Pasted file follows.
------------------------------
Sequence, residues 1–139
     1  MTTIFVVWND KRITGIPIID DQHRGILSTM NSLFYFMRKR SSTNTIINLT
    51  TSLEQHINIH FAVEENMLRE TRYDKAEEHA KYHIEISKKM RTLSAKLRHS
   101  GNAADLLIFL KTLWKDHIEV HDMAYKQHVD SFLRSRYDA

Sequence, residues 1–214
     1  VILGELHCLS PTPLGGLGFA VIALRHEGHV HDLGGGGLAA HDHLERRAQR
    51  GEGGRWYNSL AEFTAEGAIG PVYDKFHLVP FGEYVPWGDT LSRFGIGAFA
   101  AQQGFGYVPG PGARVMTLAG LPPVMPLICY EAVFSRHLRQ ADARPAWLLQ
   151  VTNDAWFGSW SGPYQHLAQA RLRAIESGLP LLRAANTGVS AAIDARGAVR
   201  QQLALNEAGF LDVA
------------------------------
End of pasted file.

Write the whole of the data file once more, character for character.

Sequence, residues 1–139
     1  MTTIFVVWND KRITGIPIID DQHRGILSTM NSLFYFMRKR SSTNTIINLT
    51  TSLEQHINIH FAVEENMLRE TRYDKAEEHA KYHIEISKKM RTLSAKLRHS
   101  GNAADLLIFL KTLWKDHIEV HDMAYKQHVD SFLRSRYDA

Sequence, residues 1–214
     1  VILGELHCLS PTPLGGLGFA VIALRHEGHV HDLGGGGLAA HDHLERRAQR
    51  GEGGRWYNSL AEFTAEGAIG PVYDKFHLVP FGEYVPWGDT LSRFGIGAFA
   101  AQQGFGYVPG PGARVMTLAG LPPVMPLICY EAVFSRHLRQ ADARPAWLLQ
   151  VTNDAWFGSW SGPYQHLAQA RLRAIESGLP LLRAANTGVS AAIDARGAVR
   201  QQLALNEAGF LDVA